Category: Grief

The dead room

‘An aged man is but a paltry thing, a tattered coat upon a stick.’ — W.B. Yeats

An elderly man lives alone in a bungalow in Upstate New York.

An old friend halfway across the world sends him an email, acknowledging the elderly man’s wife’s birthday in two days. His wife died four days before Christmas of a brain hemorrhage. They had been together for thirty-four years. The elderly man has no surviving immediate family.

The old friend ends the email with this one word: grim.

The elderly man (feeling. — shame on him! — particularly sorry for himself that day) replies:

I am aware. And on that day, just like every other day, I will be alone in this hovel without her. No one will phone and no one will ‘drop in’ since I have no friends here. My wife was my whole life. I will sit in a chair in a room outside the ‘dead’ room with this image of her sitting in her armchair in the former living room:



Guns & Ammo

Every night, four beers, three or four gins, bottle of wine, brandy at bedtime, topped off with a Xanax. That’s a lot of alcohol, man. You can’t get used to life without your wife. I understand that. She was your trusted friend and soulmate for thirty-four years. You could rely on her to stand by you no matter how messed up you were. Even when you were apart for periods of time you could always talk to her on the phone. And now you can’t even do that, you long to hear her voice, you sit in her armchair in the living room (now the deadroom), her ashes in a burgundy metal urn in a glassed-in section of the bookcase, and you talk to her photo on the mantel. You feel you can’t live another day in this house you both shared — you can no longer afford it for one thing. You’ve been looking for a cheap apartment but it’s so hard to find one that’s not a dump, besides which you can barely muster the energy or the will to get out of bed in the morning, let alone look for an apartment. You spent months looking for this house for your ailing wife and yourself, all the while staying in expensive weekly-rate motels, so you felt very lucky to find it, and you believed the two of you would live here until you died — which as sick as your wife was, you still thought you would die first, being six years older. The fact that you’ve got tens of thousands in unpaid medical bills (ambulances, hospitals, nursing homes, meds…) is a major complication. You say your hope now is on sale for $275 at the local Guns & Ammo. I trust that was your idea of dark humor. I will call you when I get back next week. Don’t do anything crazy now!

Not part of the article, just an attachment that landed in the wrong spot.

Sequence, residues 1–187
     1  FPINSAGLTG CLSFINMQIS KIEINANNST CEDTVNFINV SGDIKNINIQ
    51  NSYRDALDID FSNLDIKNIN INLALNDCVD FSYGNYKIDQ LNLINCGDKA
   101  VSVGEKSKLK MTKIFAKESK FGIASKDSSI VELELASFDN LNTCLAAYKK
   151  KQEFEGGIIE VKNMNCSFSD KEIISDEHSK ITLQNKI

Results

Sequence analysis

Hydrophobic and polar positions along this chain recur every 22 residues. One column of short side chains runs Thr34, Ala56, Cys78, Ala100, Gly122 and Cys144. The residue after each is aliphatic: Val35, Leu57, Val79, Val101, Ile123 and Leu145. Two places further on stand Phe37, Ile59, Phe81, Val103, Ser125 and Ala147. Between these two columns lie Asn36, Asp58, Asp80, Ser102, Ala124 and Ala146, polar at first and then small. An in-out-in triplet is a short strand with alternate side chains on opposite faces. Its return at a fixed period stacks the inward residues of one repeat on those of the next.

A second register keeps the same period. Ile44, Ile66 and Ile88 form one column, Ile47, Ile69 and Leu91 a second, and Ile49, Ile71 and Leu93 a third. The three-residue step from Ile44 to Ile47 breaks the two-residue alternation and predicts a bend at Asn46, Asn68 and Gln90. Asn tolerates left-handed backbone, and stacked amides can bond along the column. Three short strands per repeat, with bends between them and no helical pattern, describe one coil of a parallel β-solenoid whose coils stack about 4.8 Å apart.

Your voice

For thirty years you were my support and my strength. I would rely on you in the most mundane of matters. In a grocery store, I would call you on the mobile phone and ask you something stupid like, The rice you wanted, there’s ten thousand varieties here, white rice, brown rice, Thai rice, Roma rice, bomba rice, jasmine rice, long grain rice, medium grain, short grain, and so on and so forth, and you would tell me which rice you wanted and I would proceed with the shopping.

When we were apart, for whatever reason — you in Michigan looking after your elderly mother, or me alone in a cabin in New Hampshire trying to come to grips with my son’s suicide — we talked on the phone every night, and I longed to hear your voice, and be encouraged by your strength, and heartened by the beliefs in your soul.

And now I don’t have that and will never have that again, and I don’t know how the hell to go on without it.